Wednesday 22nd June 2022
According to new research, urgent action is needed to clear the backlog of people requiring treatment for aortic stenosis or risk unnecessary loss of life.
Research released this month in BMJ has warned that a lack of action could result in thousands of people dying while waiting for treatment for aortic stenosis (AS).
The International team of researchers, including Professor Chris Gale, a Professor of Cardiovascular Medicine at the School of Medicine and Co-Director of Leeds Institute for Data Analytics, has modelled the potential impact on waiting lists of increased treatment capacity and the use of less invasive treatment options.
The research shows that even in the best-case scenario, the waiting list for severe aortic stenosis would take nearly a year to clear, and more than 700 people would die while waiting for treatment.
Professor Gale says, "During the COVID-19 pandemic, there was a great decline in procedures used to treat severe AS. In our study, we found that without a combination of increased capacity for treatment of patients with severe AS and an expansion in the use of TAVI, there would be many potentially avoidable deaths during the post-COVID-19 recovery period."
The researchers investigated the impact that increasing treatment capacity and converting a proportion of operations to the quicker TAVI procedure would have on the backlog.
They found that the best and most achievable option involved a combination of increasing capacity by 20% and converting 40% of procedures from Surgical Aortic Valve Replacement (SAVR) to TAVI. This would clear the backlog within 343 days, with an estimated 784 deaths while people wait for treatment.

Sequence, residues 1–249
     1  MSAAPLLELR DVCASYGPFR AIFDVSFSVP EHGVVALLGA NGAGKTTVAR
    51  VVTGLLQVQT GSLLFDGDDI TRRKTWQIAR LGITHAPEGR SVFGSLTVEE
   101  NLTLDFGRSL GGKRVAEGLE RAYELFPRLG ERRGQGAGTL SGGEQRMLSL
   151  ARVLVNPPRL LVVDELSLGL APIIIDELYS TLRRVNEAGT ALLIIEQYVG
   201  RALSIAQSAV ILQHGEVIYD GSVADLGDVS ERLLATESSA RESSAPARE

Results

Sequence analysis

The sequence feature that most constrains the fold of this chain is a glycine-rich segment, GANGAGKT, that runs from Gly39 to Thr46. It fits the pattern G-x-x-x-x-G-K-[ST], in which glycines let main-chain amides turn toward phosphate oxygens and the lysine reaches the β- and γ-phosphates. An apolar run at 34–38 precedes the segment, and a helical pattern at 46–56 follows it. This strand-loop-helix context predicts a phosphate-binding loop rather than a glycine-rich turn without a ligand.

Professor Gale says, "We have previously reported the catastrophic effect that the COVID-19 pandemic has had globally on cardiovascular services. We know that during the COVID-19 pandemic, there was a substantial decline in procedures used to treat severe AS. In our study, we found that despite a combination of increased capacity for treatment of patients with severe AS and an expansion in the use of TAVI to try to tackle the backlog of patients with severe AS, there would be many potentially avoidable deaths during the post-COVID-19 recovery period. That is, it is inevitable that some people with severe AS will die.”
Heart Valve Voice Executive Director, Wil Woan, said: "This research builds on previous data we have seen illustrating the impact of the backlog and the critical risk to life. From the pandemic's beginning, Heart Valve Voice has stressed the need to utilise all clinically appropriate treatment options available to ensure we can treat more patients and save lives. However, cardiac treatment can't wait. We need to ensure that additional resources are provided to maximise treatment capacity and ensure patients receive the treatment and care they need. I welcome Professor Gale and his colleagues’ work, and look forward to working with them on providing workable solutions to these issues.”